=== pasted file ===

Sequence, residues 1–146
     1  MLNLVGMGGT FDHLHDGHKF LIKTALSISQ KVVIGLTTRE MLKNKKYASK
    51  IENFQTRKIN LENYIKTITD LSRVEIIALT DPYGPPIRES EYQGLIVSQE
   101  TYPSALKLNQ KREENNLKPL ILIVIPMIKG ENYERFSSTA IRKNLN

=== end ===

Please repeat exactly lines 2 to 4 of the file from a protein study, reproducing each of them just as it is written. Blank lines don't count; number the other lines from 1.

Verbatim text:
     1  MLNLVGMGGT FDHLHDGHKF LIKTALSISQ KVVIGLTTRE MLKNKKYASK
    51  IENFQTRKIN LENYIKTITD LSRVEIIALT DPYGPPIRES EYQGLIVSQE
   101  TYPSALKLNQ KREENNLKPL ILIVIPMIKG ENYERFSSTA IRKNLN